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Has anyone had a chance to dig into how F# Units of Measure work? Is it just type-based chicanery, or are there CLR types hiding underneath that could (potentially) be used from other .net languages? Will it work for any numerical unit, or is it limited to floating point values (which is what all the examples use)?

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Take a look at Frink calculator and Frink programming language. –  Kamil Szot Oct 25 '10 at 8:29
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2 Answers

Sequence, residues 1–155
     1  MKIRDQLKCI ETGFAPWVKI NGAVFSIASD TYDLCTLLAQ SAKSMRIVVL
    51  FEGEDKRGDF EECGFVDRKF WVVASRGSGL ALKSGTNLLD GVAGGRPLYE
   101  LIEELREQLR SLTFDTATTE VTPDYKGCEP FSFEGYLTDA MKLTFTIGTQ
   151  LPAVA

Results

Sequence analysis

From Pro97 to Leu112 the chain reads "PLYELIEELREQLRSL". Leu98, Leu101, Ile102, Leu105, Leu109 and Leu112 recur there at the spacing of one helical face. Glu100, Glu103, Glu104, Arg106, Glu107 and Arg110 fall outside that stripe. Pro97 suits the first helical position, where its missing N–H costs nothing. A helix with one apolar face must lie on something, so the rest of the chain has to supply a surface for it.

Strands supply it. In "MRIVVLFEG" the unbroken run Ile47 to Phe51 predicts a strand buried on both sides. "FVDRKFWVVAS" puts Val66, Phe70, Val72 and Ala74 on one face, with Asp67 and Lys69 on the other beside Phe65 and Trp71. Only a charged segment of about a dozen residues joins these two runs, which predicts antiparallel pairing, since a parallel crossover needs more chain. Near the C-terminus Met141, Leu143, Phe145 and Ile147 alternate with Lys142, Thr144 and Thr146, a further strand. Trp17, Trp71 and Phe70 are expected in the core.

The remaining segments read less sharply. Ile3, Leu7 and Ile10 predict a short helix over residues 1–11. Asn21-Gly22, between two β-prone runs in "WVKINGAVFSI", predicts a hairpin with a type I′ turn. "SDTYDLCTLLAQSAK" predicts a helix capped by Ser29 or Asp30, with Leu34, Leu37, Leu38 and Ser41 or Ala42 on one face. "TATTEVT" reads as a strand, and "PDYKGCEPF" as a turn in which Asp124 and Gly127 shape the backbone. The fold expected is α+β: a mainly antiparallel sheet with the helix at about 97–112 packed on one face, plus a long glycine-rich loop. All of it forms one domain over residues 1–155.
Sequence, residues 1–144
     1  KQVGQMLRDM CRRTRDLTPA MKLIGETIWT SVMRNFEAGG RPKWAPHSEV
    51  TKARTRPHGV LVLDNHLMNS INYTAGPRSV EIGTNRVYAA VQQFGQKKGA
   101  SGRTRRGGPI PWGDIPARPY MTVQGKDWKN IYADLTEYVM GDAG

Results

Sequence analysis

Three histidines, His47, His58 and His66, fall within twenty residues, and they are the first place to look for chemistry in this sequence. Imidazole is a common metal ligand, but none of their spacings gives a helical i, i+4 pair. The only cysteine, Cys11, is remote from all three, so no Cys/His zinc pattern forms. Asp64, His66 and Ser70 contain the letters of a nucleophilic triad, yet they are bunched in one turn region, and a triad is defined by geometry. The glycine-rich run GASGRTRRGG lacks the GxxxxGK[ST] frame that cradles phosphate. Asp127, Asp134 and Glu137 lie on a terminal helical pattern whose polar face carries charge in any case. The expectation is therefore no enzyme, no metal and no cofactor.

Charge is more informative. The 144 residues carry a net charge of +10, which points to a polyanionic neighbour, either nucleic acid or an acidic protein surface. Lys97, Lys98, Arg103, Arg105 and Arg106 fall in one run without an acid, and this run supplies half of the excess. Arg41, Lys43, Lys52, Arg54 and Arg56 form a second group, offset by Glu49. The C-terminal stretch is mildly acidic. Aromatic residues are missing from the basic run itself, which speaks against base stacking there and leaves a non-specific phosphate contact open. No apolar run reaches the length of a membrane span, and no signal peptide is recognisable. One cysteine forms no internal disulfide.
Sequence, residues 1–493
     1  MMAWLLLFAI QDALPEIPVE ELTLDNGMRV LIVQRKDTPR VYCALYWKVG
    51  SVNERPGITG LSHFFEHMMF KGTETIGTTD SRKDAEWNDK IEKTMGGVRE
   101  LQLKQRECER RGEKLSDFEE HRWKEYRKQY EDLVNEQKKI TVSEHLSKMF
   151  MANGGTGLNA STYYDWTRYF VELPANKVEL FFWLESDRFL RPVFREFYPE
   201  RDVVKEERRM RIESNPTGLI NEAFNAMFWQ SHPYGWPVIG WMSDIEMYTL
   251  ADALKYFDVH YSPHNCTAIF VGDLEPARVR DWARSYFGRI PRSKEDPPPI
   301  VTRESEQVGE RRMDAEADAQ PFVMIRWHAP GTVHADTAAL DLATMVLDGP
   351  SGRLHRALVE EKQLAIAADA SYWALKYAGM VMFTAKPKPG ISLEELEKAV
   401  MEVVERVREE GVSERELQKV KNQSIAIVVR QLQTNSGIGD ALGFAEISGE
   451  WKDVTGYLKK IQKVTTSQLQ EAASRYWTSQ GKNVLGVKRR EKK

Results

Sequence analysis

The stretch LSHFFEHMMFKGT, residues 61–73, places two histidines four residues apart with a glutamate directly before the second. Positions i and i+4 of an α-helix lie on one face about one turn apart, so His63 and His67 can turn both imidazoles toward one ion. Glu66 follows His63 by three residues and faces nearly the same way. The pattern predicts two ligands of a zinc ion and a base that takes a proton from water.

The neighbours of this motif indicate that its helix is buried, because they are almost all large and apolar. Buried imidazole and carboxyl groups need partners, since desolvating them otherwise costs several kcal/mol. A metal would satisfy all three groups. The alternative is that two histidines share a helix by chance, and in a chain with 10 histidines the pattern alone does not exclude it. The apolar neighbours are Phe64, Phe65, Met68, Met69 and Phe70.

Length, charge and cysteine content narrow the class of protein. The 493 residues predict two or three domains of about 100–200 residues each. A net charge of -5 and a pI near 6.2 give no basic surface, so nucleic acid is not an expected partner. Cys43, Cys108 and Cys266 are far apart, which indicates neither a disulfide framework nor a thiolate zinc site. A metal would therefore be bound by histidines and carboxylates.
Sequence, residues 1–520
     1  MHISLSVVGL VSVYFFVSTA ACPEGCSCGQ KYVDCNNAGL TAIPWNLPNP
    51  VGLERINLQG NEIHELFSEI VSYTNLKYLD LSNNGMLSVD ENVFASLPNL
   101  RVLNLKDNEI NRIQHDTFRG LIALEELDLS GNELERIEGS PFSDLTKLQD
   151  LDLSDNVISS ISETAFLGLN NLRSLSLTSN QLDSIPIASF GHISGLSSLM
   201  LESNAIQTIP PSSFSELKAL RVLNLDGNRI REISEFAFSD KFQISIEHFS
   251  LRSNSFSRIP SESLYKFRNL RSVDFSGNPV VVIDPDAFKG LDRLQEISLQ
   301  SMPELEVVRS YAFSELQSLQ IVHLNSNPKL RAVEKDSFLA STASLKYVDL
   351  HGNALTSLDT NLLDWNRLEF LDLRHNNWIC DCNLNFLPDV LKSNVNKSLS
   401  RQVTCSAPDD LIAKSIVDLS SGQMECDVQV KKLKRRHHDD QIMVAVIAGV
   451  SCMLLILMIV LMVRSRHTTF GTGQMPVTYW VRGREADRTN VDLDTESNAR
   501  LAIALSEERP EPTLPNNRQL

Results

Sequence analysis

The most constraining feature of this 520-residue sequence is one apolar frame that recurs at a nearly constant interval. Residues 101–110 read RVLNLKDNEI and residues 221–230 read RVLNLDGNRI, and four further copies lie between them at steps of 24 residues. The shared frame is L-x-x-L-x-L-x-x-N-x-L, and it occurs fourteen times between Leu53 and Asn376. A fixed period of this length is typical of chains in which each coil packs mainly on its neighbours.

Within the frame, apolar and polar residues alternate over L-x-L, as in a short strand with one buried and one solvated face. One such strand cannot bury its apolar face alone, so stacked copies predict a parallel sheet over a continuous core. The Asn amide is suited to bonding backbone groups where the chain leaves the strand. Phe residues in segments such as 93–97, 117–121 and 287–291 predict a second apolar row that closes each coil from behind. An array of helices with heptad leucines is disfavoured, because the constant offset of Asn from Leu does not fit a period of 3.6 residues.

up vote 8 down vote accepted

According to a response on the next related blog post, they are a purely static mechanism in the F# compiler. So there is no CLR representation of the units data.

Its not entirely clear whether it currently works with non-float types, but from the perspective of the type system it is theoretically possible.

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See latest blog post by Andrew Kennedy (in the answer below), UOM are available for any numeric type, as well as composite types. –  Benjol Dec 8 '09 at 13:03
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The best (and I think official) place to find out about this is on Andrew Kennedy's blog.

Here are the (current) relevant posts.

As I said in the post that your answerer referred to, this is most definitely something that you CAN'T do in C# (though I wish you could).

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